What I love about this series is that Rachel Hauck really knows how to write a realistic modern day royal story. The countries and history involved in the plot are completely fictional, but they're so rooted in the real world that they feel like something that could have really happened. And I love that. If you're going to take a classic car loving, southern talking, redhead from Florida and turn her into a European princess, it seems impossible to do that in a way that doesn't feel fake...but somehow Hauck manages it.

Regina is a really likable character, and she reacts to the news that's she's a princess in a way that most people would. After her initial disbelief, she's afraid of leaving her normal life behind and she feels completely unprepared for the job of being a princess. Tanner is a sweet guy trying to forget mistakes he's made in the past, and goodness, is the romance in this book swoon-worthy. :) I love how Tanner is with Regina from the very beginning (he's the one who breaks the news to her), advising her and protecting her and just being a nice guy in general.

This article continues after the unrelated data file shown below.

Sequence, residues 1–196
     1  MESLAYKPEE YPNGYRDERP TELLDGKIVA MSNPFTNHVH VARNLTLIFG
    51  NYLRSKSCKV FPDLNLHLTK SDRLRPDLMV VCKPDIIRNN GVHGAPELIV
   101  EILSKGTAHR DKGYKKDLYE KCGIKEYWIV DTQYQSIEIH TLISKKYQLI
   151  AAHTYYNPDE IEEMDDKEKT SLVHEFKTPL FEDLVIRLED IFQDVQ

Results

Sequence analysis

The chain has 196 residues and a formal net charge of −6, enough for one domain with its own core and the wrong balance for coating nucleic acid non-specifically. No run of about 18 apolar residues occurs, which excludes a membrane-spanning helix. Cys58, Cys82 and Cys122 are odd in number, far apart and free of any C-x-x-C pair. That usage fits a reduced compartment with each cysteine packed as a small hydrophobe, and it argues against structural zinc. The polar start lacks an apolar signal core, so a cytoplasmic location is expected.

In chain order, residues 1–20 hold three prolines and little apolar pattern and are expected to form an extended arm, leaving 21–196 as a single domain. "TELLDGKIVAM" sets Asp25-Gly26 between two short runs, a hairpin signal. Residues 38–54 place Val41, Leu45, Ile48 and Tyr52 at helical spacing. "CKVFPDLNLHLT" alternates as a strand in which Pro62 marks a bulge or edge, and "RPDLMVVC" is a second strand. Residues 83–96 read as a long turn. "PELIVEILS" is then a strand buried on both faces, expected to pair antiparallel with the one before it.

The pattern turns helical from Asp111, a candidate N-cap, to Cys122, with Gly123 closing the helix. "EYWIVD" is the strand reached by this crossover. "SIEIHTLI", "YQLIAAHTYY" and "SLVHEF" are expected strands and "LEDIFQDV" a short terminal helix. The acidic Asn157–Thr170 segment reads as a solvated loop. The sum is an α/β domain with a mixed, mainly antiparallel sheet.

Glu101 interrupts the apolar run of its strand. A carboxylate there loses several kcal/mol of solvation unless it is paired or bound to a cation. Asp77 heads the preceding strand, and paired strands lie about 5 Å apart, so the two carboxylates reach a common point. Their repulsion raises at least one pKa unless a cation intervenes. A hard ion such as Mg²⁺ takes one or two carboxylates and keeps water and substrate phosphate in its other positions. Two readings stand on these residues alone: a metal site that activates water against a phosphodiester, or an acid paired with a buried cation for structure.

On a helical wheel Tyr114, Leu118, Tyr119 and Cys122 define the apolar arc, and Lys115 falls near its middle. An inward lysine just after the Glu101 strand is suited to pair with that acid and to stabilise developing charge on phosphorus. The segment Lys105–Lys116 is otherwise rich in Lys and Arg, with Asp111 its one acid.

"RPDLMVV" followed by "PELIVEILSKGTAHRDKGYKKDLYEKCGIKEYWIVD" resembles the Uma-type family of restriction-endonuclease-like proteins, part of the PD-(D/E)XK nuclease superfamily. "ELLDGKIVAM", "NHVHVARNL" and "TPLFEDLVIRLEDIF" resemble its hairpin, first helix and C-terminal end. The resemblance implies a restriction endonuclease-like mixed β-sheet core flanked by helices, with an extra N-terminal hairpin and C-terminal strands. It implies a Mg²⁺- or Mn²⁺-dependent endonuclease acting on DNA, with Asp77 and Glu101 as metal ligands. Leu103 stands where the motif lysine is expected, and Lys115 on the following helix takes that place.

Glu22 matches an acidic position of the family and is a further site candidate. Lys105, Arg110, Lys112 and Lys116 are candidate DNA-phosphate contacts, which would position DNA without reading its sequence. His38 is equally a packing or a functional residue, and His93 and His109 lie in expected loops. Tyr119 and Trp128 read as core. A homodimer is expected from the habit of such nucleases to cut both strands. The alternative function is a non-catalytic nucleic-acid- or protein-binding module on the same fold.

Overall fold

At first I thought that the "opposition to the princess"/political turmoil aspect of the story and the subplot about Tanner's past would be a bit too much, but those things ended up adding a lot to the story. The political situation that's happening in the book added to the authentic feel, especially given the modern day setting. And it helped make the story deeper than just a girl adjusting to the royal life.